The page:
Covid-19 and recovery: How India can achieve 10% GDP growth

Indian economy
Private investment has not picked up despite Indian economy's stellar performance on the growth front, prompting the government to prod corporates to take the plunge.

The Reserve Bank of India has forecast a 7.5% decline in GDP this fiscal. As progress on the ground gets reported and as the energetic response to COVID-19 gets focused on the shop floors, the decline could turn out to be much lower. Using a flatline as base, the potential for 10% growth emerges as the only possible way forward. We analyse all the positive movements that drive this turnaround.

Rural India is revving up for a productivity uptick on account of four positive movements.

  • Freedom to sell produce throughout the country. Availability of MSP as a safety net.
  • Availability of the internet across the length and breadth of the country.
  • Huge stocks of grain thanks to two good monsoons, putting India in a position to be a grain exporter for the first time. Scarcity and security are being replaced by abundance.
  • Massive resources being invested in basic services such as roads, sanitation, micro and other renewable grid power, water through taps, schools, health centres, entrepreneurship development cells, micro finance and technology dissemination centres.

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What these movements can deliver to rural India

  • Conversion of all 6.5 lakh villages to smart villages over a three-year period.
  • Crop patterns changing to massively raise productivity by deploying vertical agriculture, drip irrigation, machine learning-led fertilisation from natural sources, ML-AI led crop protection, deeply penetrated insurance, and the availability of finance.
  • Transition to planting fruit trees with low gestation period, as has been successfully done in Maharashtra, MP and Gujarat. A reallocation of ten percent of the land to highly productive fruits and vegetables can change farmer incomes by 3-5 x their present levels!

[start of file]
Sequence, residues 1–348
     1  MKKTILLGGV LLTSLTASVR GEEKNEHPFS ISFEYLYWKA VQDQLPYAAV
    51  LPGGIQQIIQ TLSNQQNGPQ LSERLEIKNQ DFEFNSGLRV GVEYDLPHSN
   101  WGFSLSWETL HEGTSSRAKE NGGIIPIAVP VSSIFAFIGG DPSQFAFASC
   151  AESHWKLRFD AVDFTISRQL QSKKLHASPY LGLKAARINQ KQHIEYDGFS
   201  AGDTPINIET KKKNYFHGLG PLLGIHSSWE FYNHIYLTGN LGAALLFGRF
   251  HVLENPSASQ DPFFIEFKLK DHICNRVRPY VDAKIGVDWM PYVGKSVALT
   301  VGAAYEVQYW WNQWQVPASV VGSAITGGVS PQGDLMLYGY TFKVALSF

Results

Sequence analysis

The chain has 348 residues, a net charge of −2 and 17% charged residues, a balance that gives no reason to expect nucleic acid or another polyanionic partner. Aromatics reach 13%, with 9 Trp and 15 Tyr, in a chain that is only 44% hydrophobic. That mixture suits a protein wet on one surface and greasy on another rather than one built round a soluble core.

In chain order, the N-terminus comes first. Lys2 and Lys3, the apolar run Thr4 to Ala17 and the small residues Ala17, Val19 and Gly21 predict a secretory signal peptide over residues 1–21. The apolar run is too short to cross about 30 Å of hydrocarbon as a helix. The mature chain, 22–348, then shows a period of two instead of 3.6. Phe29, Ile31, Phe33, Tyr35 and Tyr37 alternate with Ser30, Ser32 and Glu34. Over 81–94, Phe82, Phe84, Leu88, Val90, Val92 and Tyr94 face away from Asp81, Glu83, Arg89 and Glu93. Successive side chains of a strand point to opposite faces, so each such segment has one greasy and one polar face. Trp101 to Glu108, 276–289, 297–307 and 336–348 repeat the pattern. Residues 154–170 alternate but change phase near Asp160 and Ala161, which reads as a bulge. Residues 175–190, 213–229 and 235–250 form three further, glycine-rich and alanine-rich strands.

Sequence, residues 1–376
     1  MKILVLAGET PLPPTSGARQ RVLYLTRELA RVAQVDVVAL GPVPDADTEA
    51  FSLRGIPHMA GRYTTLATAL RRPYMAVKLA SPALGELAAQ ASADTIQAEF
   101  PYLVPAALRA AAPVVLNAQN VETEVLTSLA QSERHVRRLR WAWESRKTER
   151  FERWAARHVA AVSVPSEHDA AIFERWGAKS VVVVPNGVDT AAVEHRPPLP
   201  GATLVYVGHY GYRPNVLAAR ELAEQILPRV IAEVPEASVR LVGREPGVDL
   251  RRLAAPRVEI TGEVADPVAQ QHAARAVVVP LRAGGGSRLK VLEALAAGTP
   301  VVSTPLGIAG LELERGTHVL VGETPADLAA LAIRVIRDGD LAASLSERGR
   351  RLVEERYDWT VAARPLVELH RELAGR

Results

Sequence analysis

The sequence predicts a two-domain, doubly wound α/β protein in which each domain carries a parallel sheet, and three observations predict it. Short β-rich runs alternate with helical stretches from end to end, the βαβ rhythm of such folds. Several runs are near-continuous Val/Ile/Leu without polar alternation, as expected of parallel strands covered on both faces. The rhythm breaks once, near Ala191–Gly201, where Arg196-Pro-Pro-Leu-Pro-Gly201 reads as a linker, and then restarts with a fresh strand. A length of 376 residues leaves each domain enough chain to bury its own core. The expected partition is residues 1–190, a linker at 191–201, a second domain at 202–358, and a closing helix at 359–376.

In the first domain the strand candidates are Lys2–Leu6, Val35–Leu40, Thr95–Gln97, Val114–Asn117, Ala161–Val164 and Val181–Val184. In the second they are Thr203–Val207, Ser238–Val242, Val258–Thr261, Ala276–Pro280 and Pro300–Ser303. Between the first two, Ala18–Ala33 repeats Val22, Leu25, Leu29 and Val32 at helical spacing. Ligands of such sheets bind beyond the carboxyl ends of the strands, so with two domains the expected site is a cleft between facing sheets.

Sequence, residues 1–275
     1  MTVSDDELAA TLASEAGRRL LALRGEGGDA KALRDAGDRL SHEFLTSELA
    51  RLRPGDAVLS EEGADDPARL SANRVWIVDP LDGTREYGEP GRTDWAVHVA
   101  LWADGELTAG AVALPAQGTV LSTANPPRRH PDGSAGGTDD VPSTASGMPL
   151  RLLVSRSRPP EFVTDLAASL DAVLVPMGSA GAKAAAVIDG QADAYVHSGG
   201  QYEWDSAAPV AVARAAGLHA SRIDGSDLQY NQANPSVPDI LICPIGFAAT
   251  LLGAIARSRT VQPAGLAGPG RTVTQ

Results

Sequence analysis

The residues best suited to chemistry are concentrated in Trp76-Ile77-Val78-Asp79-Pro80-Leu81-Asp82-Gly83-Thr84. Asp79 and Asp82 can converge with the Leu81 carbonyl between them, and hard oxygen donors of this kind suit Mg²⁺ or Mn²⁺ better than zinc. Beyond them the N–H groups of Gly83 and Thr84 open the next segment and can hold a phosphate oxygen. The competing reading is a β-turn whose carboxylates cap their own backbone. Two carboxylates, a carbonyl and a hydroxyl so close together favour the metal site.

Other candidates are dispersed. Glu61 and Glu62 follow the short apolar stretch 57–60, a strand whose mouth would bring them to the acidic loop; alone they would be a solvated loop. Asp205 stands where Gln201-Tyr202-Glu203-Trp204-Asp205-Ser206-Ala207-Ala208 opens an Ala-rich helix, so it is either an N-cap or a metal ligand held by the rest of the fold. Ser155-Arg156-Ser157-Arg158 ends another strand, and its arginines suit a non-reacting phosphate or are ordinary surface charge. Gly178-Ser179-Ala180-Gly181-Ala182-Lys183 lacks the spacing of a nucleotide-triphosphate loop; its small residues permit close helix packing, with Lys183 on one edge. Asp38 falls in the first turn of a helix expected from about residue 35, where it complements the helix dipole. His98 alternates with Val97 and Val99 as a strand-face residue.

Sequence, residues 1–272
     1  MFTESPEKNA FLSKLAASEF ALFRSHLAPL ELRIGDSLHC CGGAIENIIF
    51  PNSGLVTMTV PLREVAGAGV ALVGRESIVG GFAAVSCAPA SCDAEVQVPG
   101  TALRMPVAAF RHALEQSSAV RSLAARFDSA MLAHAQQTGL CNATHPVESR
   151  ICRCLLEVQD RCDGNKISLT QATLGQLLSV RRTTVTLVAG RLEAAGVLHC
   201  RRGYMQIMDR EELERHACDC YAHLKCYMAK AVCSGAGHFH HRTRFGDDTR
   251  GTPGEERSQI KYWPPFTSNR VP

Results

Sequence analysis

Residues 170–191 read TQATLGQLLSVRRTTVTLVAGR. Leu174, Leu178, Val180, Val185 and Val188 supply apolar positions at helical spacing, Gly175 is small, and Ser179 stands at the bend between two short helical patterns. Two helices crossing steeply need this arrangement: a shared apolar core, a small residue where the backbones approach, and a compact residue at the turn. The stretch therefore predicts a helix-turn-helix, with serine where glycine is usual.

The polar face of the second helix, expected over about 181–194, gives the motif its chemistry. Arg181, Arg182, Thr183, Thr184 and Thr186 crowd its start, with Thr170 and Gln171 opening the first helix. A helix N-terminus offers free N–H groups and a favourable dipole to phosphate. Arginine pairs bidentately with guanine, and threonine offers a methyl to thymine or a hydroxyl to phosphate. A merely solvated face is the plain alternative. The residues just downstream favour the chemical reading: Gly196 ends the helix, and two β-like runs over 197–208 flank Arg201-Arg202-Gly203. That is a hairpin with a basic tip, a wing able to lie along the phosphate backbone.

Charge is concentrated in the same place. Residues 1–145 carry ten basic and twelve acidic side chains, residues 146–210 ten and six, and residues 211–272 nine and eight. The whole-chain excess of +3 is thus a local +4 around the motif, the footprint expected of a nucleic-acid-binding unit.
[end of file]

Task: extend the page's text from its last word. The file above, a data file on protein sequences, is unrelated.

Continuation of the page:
• Massive self-help led regeneration of water resources by mandatory rain water harvesting, building of bunds and dams, terracing land, opening up clogged acquifiers and flowing water through existing river tracks.
  • Rejuvenation of lakes and a major thrust on completing last mile action requiring irrigation projects.
  • Farm advisory apps, technology driven awareness and education and prediction systems will get more ubiquitous. All media is reaching out to the last mile. FarmPrecise type services will become more available as we move forward.

The incremental GDP growth that these initiatives can deliver is more than 3%.

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Services are about to be revolutionised as a trillion-sensor world, a complete embracing of ML-AI, robotic process automation, data analytics, VR-AR, and voice to text and automated commands emerge rapidly. Quantum computing and the establishment of data centres are making compute and storage power available at an unimaginable scale. We are gearing up to data-led lending, monitoring, recovery, regulation and diagnosis.

What will these movements deliver to our service economy?

  • As working from anywhere becomes more and more possible and convenient, India’s service and information technology advantage will truly go global and accelerate our market penetration in many areas.